This time around, the ovation was more in appreciation for who Hernandez is and what he means to a city than it was for a dominant performance — though he was still pretty darn good Tuesday leading the Mariners to a 5-1 victory over the Cleveland Indians. This night, this huge crowd for a weeknight game featuring two teams with losing records, was a taste of what playoff baseball feels like in a city that hasn’t seen the postseason in more than a decade.
The standing ovation Hernandez received was not his first on the night. When he went to the bullpen to warm up before the game, he was greeted with cheers, then he received a huge ovation when he came back from the bullpen to the dugout just before the start of the game.
“I got chills,” said Hernandez, who allowed one run in 72⁄3 innings of work. “I was like, ‘Wow, this is unbelievable.’ It’s pretty amazing. This is something special. I really appreciate the Seattle Mariners, I really appreciate these fans. They support me every year.”
The Mariners honored Hernandez by turning Safeco into the “Supreme Court,” an extension of the usual “King’s Court” section in left field. Instead of a couple of sections of raucous, yellow-clad fans, the entire stadium was dressed in yellow T-shirts, waving K cards as they watched the Mariners win their seventh straight game.
And what was perhaps most amazing about Hernandez’s performance is just how routine it felt seeing him pitch into the eighth inning while striking out five and allowing a single run. That’s just how good Hernandez has been this year, and particularly of late.
Even so, what Hernandez accomplished Tuesday was no small feat. Baseball history is full of pitchers who have struggled coming off of a perfect game, and while Hernandez wasn’t quite as dominant as he has been in several recent outings, he was still plenty good.
“It was electric out there tonight,” Mariners manager Eric Wedge said. “A lot of emotion, especially for Felix. One of my concerns was just how he was going to handle all of that, just because of everything that led up to this game, the emotion before the game, him coming from the bullpen, going out on the field, everything. To no one’s surprise, he handled it beautifully.”
Any hopes for a repeat of last week’s historic performance evaporated quickly when Jason Kipnis led off the game with a single that was just out of the reach of a diving Justin Smoak. Hernandez said he wasn’t bothered to give up a hit so early after being perfect five days earlier.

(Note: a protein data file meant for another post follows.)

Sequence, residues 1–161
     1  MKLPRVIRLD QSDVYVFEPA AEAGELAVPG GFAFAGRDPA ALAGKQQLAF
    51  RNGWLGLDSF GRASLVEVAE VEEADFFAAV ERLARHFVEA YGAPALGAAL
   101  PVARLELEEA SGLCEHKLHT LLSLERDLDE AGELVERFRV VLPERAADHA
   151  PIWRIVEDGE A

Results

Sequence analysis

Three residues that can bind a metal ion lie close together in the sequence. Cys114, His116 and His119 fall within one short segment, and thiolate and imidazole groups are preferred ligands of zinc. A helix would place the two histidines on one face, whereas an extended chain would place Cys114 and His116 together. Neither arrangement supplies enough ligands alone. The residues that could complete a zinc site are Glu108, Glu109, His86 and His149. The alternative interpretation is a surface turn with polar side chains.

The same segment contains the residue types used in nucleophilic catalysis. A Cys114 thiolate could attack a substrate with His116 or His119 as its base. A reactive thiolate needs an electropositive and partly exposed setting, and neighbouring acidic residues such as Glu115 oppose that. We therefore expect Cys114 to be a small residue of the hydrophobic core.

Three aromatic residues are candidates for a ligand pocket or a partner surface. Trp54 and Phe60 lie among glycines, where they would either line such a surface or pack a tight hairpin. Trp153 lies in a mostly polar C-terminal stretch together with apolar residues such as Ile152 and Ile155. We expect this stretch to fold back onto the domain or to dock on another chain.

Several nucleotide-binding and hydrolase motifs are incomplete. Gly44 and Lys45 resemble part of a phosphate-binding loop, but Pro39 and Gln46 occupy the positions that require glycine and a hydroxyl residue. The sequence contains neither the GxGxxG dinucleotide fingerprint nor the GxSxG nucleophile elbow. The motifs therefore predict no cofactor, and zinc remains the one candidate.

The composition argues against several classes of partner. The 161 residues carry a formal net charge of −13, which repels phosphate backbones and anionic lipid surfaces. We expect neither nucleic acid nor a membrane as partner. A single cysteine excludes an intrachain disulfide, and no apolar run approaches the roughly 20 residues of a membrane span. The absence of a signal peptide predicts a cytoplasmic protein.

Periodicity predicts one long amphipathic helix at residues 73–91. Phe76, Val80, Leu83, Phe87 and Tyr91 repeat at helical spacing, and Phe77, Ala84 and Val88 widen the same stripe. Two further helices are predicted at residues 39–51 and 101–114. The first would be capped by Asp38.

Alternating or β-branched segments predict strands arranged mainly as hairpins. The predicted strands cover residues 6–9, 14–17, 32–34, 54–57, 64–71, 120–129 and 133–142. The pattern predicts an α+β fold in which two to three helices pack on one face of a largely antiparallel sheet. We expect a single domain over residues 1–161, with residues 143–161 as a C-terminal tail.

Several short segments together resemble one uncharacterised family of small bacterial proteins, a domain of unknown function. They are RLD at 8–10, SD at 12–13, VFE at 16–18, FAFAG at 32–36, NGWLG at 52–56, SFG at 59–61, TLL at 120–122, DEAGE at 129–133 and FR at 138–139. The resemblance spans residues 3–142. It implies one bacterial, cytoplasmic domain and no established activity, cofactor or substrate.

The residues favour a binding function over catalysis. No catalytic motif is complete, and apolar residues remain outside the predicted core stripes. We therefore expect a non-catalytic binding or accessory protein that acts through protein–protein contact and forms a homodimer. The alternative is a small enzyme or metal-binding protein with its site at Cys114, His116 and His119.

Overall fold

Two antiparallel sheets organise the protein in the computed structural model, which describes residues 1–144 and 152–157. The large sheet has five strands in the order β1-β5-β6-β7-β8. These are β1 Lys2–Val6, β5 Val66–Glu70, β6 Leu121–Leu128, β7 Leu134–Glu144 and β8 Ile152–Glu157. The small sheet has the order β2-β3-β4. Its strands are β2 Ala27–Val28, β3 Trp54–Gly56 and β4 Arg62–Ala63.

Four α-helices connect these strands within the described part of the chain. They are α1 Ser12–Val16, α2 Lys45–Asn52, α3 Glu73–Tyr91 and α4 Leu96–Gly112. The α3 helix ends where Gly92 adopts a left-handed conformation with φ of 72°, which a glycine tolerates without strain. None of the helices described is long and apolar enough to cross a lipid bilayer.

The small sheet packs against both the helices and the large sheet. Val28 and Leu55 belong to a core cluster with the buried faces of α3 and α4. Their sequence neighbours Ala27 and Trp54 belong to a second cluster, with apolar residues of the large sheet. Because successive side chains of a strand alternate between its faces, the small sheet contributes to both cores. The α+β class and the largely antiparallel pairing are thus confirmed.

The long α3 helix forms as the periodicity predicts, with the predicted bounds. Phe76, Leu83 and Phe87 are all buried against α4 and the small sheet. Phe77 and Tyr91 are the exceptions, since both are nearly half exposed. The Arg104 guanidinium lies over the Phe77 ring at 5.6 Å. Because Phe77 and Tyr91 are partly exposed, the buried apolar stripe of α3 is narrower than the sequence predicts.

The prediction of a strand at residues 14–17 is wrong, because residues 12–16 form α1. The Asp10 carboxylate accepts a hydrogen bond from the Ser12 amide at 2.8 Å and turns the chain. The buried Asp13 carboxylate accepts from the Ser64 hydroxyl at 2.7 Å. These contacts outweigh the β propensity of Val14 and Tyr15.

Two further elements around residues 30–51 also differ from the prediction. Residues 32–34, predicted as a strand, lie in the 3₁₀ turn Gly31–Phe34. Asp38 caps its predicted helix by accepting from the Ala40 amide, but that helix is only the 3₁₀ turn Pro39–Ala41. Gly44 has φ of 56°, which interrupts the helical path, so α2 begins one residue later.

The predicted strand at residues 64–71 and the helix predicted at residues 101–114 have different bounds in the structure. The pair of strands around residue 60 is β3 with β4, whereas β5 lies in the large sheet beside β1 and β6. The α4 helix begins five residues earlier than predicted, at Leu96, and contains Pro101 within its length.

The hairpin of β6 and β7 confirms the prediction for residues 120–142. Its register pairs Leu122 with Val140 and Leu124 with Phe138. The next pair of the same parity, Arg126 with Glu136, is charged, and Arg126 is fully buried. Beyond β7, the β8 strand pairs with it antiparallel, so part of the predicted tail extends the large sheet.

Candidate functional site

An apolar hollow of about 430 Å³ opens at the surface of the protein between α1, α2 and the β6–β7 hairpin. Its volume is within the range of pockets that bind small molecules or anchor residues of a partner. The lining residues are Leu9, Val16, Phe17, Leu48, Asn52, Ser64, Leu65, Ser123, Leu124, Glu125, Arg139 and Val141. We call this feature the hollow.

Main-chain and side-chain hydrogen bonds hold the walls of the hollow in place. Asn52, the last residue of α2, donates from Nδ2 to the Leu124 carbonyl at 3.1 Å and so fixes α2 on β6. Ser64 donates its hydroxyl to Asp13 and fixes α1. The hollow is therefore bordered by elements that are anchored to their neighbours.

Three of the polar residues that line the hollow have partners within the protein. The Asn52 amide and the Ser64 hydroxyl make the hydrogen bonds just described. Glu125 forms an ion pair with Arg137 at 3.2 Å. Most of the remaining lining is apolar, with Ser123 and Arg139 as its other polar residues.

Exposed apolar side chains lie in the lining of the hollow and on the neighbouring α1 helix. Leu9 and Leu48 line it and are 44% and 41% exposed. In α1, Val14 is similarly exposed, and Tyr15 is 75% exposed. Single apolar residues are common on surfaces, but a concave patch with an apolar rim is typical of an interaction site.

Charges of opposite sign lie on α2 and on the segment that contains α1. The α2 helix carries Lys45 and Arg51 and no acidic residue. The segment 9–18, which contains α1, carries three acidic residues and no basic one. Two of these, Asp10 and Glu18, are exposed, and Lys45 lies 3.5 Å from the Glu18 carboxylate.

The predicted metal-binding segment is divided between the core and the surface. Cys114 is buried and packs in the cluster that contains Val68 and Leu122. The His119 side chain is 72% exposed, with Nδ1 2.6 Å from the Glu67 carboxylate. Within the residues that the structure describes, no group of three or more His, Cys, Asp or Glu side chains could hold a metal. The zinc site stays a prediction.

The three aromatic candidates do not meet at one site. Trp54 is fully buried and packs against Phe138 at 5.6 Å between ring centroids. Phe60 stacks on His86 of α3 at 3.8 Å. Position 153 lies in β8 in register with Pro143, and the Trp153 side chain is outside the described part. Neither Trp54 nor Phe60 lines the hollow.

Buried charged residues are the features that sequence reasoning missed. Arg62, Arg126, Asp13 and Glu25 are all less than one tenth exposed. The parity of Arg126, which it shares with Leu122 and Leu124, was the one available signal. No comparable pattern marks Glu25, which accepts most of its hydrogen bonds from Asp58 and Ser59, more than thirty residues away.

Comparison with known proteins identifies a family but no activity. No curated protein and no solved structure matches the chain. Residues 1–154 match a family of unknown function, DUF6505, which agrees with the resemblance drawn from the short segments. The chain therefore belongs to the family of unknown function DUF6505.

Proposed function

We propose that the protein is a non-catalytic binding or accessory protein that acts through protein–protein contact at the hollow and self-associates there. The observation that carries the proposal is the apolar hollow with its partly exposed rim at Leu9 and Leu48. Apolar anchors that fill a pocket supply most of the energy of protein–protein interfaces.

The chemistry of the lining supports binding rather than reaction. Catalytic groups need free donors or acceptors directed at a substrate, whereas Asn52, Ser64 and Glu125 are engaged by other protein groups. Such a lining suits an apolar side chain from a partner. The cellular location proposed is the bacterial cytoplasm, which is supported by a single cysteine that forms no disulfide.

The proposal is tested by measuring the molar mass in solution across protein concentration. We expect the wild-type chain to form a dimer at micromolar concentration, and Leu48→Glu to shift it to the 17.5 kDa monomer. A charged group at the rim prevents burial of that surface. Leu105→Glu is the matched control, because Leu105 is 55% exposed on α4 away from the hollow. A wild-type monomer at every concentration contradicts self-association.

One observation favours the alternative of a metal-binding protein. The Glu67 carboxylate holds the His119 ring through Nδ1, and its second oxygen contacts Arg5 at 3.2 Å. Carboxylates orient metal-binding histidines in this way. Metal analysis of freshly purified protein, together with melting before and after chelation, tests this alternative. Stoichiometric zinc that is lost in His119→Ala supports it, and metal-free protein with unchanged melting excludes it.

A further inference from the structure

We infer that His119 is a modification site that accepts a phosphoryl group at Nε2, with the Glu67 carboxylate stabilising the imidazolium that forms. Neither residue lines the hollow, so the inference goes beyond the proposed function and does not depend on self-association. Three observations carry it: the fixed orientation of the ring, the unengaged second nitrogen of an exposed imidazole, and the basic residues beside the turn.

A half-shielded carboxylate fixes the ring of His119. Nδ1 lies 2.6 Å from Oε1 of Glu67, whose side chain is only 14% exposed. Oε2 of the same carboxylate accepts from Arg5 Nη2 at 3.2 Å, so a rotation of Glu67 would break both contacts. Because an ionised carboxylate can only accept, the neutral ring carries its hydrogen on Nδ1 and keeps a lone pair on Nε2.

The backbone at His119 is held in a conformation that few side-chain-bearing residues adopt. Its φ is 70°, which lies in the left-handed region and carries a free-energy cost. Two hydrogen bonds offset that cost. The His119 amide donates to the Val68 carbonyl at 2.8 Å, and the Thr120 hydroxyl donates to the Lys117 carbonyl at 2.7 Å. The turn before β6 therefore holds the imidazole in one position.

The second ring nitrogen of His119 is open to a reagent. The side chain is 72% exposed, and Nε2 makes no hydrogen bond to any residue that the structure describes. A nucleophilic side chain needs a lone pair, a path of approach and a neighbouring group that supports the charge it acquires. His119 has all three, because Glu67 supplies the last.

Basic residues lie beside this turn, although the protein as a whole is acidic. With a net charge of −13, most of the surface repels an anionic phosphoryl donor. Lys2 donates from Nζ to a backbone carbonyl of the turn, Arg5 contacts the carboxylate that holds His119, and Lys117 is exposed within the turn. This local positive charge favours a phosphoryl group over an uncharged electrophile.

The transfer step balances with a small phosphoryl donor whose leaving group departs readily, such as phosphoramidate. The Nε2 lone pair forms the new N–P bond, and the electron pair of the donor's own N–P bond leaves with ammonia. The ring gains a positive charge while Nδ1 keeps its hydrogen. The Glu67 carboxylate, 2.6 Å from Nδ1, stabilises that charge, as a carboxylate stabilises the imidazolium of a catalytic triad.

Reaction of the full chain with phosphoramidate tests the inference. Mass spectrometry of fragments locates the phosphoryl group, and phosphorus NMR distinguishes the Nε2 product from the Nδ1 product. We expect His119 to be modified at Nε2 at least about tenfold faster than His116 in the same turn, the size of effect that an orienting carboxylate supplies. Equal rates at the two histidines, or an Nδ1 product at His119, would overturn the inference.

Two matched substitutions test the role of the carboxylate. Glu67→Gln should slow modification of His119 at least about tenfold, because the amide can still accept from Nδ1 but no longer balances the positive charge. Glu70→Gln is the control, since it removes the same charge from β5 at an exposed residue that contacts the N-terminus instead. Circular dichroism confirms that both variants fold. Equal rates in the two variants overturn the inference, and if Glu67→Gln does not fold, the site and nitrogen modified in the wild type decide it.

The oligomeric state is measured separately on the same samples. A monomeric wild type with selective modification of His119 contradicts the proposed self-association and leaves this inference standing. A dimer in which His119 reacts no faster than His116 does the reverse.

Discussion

“No feelings,” he said. “Trying to get a ground ball and double play, you know?”
Cleveland managed three singles off Hernandez in the early going before he retired 11 in a row. But even though Hernandez was cruising, it was another Hernandez, Cleveland’s Roberto Hernandez, who was flirting with a no-hitter. Roberto Hernandez, formerly known as Fausto Carmona, no-hit the Mariners through 42⁄3 innings before Eric Thames broke the scoreless tie with a solo home run to right field.
The Indians finally got to Seattle’s Hernandez in the seventh, scoring the tying run on a Casey Kotchman single that, if not for a bad hop over Brendan Ryan’s glove, would have likely been an inning-ending double play. The damage might have been worse, but the Brent Lillibridge, a Jackson High graduate, couldn’t get a squeeze bunt down with Michael Brantley breaking for home. After Brantley was tagged out in a run down for the second out, Lillibridge struck out to end the inning.
In the bottom of the seventh, the Mariners blew the game open to make sure Hernandez would earn his 12th victory of the season.
After John Jason drove in Michael Saunders for the go-ahead run with a ground-rule double, Jesus Montero gave the Mariners plenty of breathing room when he sat on a slider from reliever Esmil Rodgers and crushed it 438-feet off the facade of the upper deck in left-center. The ball got out so quickly that it even surprised the man who hit it.
“I was surprised, because the ball took off so quick,” Montero said. “I was like, ‘Where’s the ball?’ And the ball was in the stands. It was crazy.”
And with that home run, Montero helped make sure a memorable night at Safeco Field would end in victory for the Mariners and their ace.
“Felix, he’s special,” Montero said. “He’s King Felix, that’s why he brings so many people to the stadium. The best part is that we won tonight.”
Herald Writer John Boyle: firstname.lastname@example.org.
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